Phablets don't get no respect

A report this week dismissed the phablet as a fad unworthy of developer support. Apparently BlackBerry and Samsung didn't get the memo

Forty years ago this week, Motorola vice president and division manager Martin Cooper made the world's first cellphone call on the company's DynaTAC model. Since that milestone, we've gone from being a nation in love with cars to one in love with phones. Demographics support this trend: While modern teenagers are in no hurry to get behind the wheel -- fewer than one-third of 16-year-olds navigate that rite of passage these days, compared to 46 percent just 20 years ago -- what teen would live without their mobile device for a week?

With the appeal of smartphones well-nigh universal, a proliferation of models and form factors is to be expected. But not so fast -- size matters, and smaller is better, according to a Flurry report this week that singled out the new large-screen phones, or "phablets," as a fad that developers shouldn't waste their time on.

The blogosphere quickly pounced on that death sentence. Websites such as TechCrunch and repeated Flurry's findings, and InformationWeek's Eric Zeman took the report as a launch pad to suggest "it is possible we've reached the point of diminishing returns in the race to make the smartphone with the biggest screen." Zeman concluded: "This leaves us pondering just how long phablets will be en vogue, and how soon might they go the way of the dodo."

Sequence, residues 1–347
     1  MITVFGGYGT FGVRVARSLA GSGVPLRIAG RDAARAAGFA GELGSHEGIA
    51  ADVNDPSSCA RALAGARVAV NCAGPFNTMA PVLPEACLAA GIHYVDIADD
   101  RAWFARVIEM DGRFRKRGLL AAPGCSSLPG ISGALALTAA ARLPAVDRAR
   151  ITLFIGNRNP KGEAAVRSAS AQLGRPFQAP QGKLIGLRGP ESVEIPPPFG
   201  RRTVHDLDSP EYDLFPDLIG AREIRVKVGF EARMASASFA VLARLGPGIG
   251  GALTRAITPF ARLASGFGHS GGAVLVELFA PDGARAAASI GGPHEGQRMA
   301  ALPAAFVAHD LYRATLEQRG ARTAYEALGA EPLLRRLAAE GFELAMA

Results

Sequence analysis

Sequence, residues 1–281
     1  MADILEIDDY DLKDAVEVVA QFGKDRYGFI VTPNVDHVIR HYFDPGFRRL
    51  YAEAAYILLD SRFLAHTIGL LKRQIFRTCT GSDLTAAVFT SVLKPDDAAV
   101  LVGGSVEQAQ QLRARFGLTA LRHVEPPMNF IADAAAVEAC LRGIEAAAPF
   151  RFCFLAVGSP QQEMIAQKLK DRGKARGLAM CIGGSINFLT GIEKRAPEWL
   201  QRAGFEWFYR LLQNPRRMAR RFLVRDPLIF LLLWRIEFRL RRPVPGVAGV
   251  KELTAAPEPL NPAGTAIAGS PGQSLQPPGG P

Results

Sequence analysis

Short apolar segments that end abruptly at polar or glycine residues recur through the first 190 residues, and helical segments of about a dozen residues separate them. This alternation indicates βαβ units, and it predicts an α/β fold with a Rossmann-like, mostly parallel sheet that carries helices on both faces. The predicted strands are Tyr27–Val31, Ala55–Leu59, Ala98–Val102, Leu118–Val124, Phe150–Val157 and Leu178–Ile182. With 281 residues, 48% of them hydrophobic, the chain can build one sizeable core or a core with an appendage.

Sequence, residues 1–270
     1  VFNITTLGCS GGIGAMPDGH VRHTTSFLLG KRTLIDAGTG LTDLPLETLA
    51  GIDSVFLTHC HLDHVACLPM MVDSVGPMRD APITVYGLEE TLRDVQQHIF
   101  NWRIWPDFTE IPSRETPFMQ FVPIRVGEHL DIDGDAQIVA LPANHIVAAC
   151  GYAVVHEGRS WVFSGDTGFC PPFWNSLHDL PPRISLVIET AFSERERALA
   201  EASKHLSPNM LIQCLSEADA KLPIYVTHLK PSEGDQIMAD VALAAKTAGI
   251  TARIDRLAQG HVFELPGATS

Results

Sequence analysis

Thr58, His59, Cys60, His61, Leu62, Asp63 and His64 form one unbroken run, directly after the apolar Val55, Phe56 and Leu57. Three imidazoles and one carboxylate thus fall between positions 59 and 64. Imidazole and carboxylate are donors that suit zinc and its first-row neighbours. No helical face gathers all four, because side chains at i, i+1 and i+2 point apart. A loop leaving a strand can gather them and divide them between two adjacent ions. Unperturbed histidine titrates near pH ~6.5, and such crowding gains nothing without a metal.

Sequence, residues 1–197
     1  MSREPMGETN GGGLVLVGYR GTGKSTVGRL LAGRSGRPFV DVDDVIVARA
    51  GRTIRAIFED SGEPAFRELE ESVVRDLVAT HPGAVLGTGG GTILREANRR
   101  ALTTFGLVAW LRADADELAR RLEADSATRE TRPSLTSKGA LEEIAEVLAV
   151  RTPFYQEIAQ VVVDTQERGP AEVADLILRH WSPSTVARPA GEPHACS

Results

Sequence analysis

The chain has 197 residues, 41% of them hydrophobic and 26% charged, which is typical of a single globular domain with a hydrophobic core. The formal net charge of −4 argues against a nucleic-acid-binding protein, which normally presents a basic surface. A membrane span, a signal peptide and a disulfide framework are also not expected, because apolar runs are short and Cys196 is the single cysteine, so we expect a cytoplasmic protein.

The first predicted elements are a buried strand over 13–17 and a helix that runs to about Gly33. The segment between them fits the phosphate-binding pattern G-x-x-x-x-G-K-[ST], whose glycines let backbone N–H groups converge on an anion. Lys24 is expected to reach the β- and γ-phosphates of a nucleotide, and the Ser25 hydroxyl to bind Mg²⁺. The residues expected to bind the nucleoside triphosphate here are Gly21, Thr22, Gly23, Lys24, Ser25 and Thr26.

Policymic's James Banks has gone so far as to warn that an Apple phablet could be the death of the innovative tech company. "Apple was not a company that catered to what people wanted. It was a company that decided what people wanted," Banks wrote. Apparently, people should not want phablets.

Only, they do -- almost lost among all the eagerness to pile on and diss the category was news that BlackBerry will likely ship two phablets this year. Samsung is rumored to be following up its uber-popular Galaxy Note II with a couple of new devices with even larger screens. And a Bloomberg report this week states, "Nokia's failure to enter the large-screen market early on marks the third time in a decade the company has overlooked a major trend."

Why such a strong streak of skepticism around phablets? Jared Newman, writing for Time's Techland, was onto something when he said, "Phablets are basically the Rodney Dangerfield of smartphones. Despite the popularity of jumbo handsets like Samsung's Galaxy Note, they get no respect."

I blame whoever it was who first coined the term "phablet." It obfuscates the fact that these are in fact phones, and the trend for the past five years has been toward ever bigger handsets. Engadget's Jon Gold notes:

Our smartphones are now pocket computers, and they're often our cameras and GPS units, too. Until and unless wearable computing replaces the smartphone, a bigger screen helps us process the glut of information we face in a day, and frequently provides a source of entertainment when it's time to relax.

Steve Jobs may be rolling over in his grave at the possibility of a large-screen iPhone, but I'm betting there's a sizable niche awaiting Apple, should it go there.

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